Physical Therapist Direct Exam Testimony Outline

"With a physical therapist and a direct testimony checklist form, you can get better bodily injury damages testimony."

In bodily injury cases, a comprehensive 11 page form list of direct testimony questions will guide you in seeing that important damages medical testimony from the physical therapist will be in evidence.

Physical Therapists are a rich source of additional testimony available to you. You just need to know what to ask during direct examination.

Our #MED3434 Checklist: Direct Exam of Physical Therapist gives you:

  • tips and background information, so you know the questions you want to ask the physical therapist in your preparation of the witness for deposition or trial, plus
  • your checklist of questions to ask during his/her direct testimony at deposition or trial.

Scroll down the rest of this web page for the text that summarizes the present state-granted licensed authority of physical therapists to diagnosis movement dysfunction, and how you can use that testimony in your bodily injury cases - plaintiff or defendant.


Physical therapists of the 21st century: medical experts for trial testimony.

By Leonard Bucklin©

Lawyers for claimants frequently overlook the help that a physical therapist (PT) can provide, both to the bodily injured client in restoring function and reducing pain, and also proving the sequalae of the injury. Testimony about the therapy given is only part of what can used by you. Testimony of loss of bodily function ability to do employment tasks and daily living activities is also available - from an expert that jurors can relate to easily.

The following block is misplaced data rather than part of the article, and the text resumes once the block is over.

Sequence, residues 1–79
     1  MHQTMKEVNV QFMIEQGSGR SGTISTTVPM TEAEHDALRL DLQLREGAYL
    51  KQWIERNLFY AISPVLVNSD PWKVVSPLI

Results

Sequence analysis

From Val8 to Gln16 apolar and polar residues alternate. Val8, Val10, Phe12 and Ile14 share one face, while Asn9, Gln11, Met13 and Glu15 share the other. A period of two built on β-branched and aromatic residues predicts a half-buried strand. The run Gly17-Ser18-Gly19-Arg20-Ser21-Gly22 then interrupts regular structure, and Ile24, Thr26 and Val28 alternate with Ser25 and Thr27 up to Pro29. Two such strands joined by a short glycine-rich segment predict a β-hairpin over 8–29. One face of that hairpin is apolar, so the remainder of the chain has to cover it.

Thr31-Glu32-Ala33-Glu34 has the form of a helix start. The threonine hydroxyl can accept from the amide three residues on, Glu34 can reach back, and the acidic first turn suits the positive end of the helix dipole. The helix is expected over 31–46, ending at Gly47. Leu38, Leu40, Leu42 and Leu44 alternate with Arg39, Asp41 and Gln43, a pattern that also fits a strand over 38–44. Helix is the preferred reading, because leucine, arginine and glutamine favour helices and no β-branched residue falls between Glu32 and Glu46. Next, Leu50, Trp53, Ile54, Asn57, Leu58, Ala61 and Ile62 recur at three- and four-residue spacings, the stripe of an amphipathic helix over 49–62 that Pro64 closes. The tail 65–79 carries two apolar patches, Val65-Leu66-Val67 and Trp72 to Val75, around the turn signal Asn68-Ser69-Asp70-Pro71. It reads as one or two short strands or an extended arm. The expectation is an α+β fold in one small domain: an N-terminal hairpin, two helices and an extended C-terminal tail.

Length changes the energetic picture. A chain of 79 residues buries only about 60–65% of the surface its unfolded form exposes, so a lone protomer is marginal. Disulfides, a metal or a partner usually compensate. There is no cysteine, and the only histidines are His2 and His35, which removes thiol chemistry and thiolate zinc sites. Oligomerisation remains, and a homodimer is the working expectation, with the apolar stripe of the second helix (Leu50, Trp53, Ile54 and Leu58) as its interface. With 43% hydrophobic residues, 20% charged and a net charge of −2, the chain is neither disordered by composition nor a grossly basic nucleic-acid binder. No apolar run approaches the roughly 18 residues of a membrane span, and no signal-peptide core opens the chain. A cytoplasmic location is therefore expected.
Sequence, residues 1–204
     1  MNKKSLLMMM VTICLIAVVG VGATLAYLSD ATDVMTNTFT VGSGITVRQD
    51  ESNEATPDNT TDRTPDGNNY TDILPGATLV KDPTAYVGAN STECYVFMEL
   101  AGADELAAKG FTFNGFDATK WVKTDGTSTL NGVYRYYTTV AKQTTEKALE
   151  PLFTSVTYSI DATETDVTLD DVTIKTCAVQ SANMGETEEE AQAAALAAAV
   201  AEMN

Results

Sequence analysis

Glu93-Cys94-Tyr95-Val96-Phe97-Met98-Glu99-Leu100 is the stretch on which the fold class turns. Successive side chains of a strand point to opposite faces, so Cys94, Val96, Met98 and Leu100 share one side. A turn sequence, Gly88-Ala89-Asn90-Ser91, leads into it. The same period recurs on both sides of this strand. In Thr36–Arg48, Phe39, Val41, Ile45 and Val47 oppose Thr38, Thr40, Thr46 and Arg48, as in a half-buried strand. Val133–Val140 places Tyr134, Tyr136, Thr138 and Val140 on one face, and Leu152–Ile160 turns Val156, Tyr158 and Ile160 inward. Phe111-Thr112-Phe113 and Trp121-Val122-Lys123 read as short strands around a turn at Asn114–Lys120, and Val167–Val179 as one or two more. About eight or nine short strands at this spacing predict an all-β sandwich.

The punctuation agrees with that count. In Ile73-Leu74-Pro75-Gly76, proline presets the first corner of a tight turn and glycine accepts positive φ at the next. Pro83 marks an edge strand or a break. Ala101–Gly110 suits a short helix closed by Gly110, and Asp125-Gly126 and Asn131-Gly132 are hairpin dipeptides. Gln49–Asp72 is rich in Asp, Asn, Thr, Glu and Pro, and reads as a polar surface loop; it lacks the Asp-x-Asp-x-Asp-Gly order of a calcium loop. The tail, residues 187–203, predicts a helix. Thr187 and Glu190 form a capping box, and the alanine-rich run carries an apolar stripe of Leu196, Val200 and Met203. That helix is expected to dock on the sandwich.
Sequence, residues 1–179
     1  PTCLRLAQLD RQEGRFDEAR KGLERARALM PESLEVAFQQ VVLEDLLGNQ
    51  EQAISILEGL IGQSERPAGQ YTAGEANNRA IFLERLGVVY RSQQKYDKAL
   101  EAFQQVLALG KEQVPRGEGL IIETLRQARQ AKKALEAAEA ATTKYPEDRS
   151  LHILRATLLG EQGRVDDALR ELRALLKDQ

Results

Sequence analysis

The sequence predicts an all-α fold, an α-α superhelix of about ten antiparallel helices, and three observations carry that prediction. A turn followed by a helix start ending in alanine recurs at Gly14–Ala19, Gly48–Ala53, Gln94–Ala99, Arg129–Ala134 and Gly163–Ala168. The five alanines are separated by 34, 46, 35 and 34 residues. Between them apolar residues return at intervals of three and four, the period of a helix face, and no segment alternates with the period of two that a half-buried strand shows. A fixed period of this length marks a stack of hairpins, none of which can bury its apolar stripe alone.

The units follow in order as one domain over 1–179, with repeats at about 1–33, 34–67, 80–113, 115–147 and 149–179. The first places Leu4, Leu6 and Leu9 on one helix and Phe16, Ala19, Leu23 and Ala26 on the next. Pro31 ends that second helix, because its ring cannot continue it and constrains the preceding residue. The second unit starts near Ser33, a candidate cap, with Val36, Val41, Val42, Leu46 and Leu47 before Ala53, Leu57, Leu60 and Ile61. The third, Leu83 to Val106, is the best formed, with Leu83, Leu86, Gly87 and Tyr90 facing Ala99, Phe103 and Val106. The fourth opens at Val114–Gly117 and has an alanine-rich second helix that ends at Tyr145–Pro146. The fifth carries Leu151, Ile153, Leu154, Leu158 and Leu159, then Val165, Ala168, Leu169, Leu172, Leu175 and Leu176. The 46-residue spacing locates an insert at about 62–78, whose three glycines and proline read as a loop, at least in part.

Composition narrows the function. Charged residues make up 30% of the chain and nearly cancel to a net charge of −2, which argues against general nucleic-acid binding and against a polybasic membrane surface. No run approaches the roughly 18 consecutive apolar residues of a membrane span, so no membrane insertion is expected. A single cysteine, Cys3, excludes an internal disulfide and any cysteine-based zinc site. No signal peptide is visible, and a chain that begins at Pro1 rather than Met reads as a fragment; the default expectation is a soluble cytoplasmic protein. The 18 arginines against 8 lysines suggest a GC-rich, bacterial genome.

Better yet, the records of a PT often has more documentation (think trial exhibits to go into the jury room) of measurements of functional loss. The PT's measurements of functional loss (or lack of it) are often more objective, reliable, and thorough than that of the attending medical doctor. A layer who can produce an impressive set of objective measurements of the movement abilities of claimant has an advantage with the jury.

More: a PT's records or testimony regarding the patient's statements of pain go a long way to inducing belief in the plaintiff's testimony as to how he/she hurt in the years before the trial date. Remember Fed. R. Evid., Rule 803, and like state rules allow the physical therapist to testify that the plaintiff moaned and reported pain!

"(3) A statement of the declarant's then existing state of mind, emotion, sensation, or physical condition (such as ... mental feeling, pain, and bodily health) is admissible as not subject to the hearsay rule.] [Emphasis supplied.]

Using the PT to give reports of the plaintiff's pain is more effective with the trier of fact that using the plaintiff or the family of the plaintiff.

Start to understand how a PT can help you (as a trial lawyer) with testimony regarding present or future limited physical function, in settlements and trials, by reading the Bureau of Labor Statistics description in its 2005 annual Occupational Outlook Handbook.

Physical therapists.... examine patients' medical histories and then test and measure the patients' strength, range of motion, balance and coordination, posture, muscle performance, respiration, and motor function. They also determine patients' ability to be independent and reintegrate into the community or workplace after injury or illness... [Emphasis supplied.]

Physical therapists are health care professionals who treat medical problems that involve the abilities to move and perform functional activities in daily life. Often, lawyers do not understand that PT's are medically trained to objectively describe the problems that limit movement and functional activities, then "evaluate" the functional limitations on doing work or daily activity. In short, they can say with authority what the plaintiff cannot do in ordinary activities of an occupation or the everyday movements of daily living.